Our beloved "Shake Your Body" song came on when we were about 7 miles for our destination: Mongar. We were swaying and singing along when we were passed by a military police car with flashing red lights. Dorji explained that it was the royal motorcade carrying one of the queens (though we didn't actually see her in the car). How exciting! It made us think about the fact that there were no shortcuts here, not even for royalty. If the Queen was heading West, we knew exactly which route she would be taking (there are no other options) and it had been a long, slow ride.
We drove through an elaborately painted archway to enter Mongar, and we arrived at the Druk Yul Guest house after exactly 7 hours of driving. The guest house was in the center of town, located in a building above a shop. We had tea and crackers with the Brits in the dining room, and then went to our room. This was the first room we had that hadn't had separate beds. It was a very sparse room, as we had been warned to expect in the less-traveled Eastern Bhutan. It suited our needs just fine, but it was kind of funny that the lone chair in the room was a blue plastic one with the Pepsi logo on it. There was a small TV, which we hadn't had access to in a while. The bathroom had a small water heater and outlet with no shower curtain, the entire floor was susceptible to flooding. No multitasking in this bathroom!
We were wasting daylight, and decided to head out to try to get some photos of town. We locked the padlock on the room door, went down the stairs, and out into Mongar. While we were driving into town, we had noticed that the children we had seen hadn't really waved or seemed as outgoing as kids in other parts of the country. We were now in Eastern Bhutan which gets fewer tourists, and people here seemed a bit more reserved initially. As we walked around town, some parents tried to get toddlers to wave and smile but most were a little bit skittish. The town was a little bit dirtier and more run down than others we had visited and there was a garbage smell in certain areas (which we believe was the smell of rotting leftover produce from the nearby outdoor market). A lot of buildings were four stories tall, set close together, and had a tenement look to them. However, they were painted cheerful colors such as yellow and pink, and laundry hanging from the balconies gave them a lived-in look, reminding us that they were inhabited with real people.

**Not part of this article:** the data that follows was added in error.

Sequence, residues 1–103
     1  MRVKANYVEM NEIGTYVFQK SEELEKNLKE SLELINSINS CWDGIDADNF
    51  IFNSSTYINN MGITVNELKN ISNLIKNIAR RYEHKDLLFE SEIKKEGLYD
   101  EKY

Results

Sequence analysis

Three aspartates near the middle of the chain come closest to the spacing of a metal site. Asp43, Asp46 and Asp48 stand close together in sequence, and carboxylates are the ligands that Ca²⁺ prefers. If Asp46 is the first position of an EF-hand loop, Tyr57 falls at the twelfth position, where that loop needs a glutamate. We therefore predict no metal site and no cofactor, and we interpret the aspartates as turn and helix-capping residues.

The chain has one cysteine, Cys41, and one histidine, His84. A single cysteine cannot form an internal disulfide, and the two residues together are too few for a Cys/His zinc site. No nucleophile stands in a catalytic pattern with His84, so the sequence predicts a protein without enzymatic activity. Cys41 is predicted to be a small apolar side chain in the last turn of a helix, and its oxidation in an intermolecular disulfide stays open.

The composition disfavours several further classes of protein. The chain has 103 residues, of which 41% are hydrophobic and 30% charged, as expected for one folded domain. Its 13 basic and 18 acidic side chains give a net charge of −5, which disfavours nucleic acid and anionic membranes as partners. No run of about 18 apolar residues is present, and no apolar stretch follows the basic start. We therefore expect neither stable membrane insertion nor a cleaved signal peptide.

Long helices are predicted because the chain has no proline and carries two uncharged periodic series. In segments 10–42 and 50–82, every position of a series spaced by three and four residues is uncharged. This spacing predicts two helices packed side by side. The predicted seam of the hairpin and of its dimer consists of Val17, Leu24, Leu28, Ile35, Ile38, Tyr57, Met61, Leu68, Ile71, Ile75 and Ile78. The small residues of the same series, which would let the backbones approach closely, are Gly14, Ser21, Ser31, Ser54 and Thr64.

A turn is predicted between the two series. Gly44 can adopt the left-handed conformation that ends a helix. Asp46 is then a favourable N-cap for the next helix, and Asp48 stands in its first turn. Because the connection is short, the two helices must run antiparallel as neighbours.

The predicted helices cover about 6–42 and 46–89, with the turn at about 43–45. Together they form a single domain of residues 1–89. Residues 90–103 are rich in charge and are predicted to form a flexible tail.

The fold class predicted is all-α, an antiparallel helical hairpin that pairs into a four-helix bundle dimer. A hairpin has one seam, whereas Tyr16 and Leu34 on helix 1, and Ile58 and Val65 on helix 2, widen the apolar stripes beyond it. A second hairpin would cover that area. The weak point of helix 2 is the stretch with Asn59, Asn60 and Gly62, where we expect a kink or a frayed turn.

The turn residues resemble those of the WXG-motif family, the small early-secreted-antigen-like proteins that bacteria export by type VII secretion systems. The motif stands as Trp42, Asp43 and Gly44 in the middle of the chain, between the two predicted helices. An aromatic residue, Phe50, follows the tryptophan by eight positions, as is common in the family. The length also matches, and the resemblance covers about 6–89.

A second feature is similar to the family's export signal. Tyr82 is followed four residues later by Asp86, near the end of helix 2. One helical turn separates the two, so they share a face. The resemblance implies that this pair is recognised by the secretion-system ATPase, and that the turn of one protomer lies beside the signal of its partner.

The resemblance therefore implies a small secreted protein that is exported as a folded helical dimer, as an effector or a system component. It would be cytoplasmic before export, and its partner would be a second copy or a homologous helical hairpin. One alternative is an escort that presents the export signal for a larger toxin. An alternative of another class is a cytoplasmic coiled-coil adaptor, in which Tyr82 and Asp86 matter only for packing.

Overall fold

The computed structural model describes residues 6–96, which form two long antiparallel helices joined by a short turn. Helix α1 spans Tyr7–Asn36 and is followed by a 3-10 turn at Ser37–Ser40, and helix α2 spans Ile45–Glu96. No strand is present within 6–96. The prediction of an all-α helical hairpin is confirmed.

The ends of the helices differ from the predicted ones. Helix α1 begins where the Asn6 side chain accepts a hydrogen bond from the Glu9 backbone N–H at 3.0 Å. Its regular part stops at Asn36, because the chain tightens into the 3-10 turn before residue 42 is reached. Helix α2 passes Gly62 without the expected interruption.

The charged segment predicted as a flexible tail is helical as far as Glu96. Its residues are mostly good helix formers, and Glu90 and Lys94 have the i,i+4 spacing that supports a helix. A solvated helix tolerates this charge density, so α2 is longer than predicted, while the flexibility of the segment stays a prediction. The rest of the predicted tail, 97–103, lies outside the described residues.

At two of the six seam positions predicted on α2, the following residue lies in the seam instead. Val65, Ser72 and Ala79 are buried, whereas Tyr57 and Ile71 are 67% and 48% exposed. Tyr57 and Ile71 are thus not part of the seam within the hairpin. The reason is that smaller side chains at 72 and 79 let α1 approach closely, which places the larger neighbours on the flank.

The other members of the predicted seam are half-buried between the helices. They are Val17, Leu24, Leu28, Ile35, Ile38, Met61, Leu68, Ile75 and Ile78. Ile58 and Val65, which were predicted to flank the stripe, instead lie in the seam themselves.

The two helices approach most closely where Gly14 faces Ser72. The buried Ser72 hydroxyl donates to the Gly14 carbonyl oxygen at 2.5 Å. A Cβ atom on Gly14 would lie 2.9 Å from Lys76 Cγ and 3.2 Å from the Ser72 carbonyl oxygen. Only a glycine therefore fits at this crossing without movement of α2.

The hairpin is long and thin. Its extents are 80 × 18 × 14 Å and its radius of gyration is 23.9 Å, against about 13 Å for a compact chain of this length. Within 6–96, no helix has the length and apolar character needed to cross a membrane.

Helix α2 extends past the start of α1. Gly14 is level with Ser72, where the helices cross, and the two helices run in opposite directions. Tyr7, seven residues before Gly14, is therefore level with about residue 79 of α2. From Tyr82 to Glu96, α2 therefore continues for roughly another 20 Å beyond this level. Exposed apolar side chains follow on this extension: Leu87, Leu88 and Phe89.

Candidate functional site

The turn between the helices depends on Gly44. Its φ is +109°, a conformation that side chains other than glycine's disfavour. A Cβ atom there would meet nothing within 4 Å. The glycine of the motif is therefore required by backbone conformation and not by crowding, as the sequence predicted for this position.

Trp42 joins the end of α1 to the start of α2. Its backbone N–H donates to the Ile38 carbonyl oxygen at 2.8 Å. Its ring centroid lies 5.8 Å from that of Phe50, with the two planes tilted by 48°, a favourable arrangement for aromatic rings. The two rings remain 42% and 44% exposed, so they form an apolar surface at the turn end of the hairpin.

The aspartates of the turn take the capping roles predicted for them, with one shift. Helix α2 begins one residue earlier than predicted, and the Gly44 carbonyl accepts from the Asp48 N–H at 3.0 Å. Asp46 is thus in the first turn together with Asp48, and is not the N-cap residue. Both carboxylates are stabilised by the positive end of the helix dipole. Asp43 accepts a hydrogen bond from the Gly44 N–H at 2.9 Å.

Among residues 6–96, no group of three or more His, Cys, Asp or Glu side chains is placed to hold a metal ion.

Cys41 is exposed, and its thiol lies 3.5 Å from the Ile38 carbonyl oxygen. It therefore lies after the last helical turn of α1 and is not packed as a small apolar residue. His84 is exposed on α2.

Walking down secondary street, we met an adorable little girl in pink who smiled and waved, watching us as we walked down the street. I gestured that I wanted to take a photo, and she posed, hugging a porch column. After I snapped the photo, three of her friends immediately appeared, wanting a photo of all of them. Craig and I joked that they were the "four friends" of Buddhist lore. I showed the photo to the mother of the girl in pink, and she smiled. The girls were very cute and excited. They followed us up the street, but if we ever looked back at them they tried to look nonchalant. Some little boys were playing with a couple of marbles, and I took photos of them as well. As I took pictures, the girl in red was a little bit grabby with the camera, impatient to see the pictures. The others didn't approve of her forwardness and scolded her. It was really cute. We learned that they were "PP's" (pre-primary students). They had a jumprope and I got photos of them playing. When we left the girls they said "Tank you" in small voices and waved.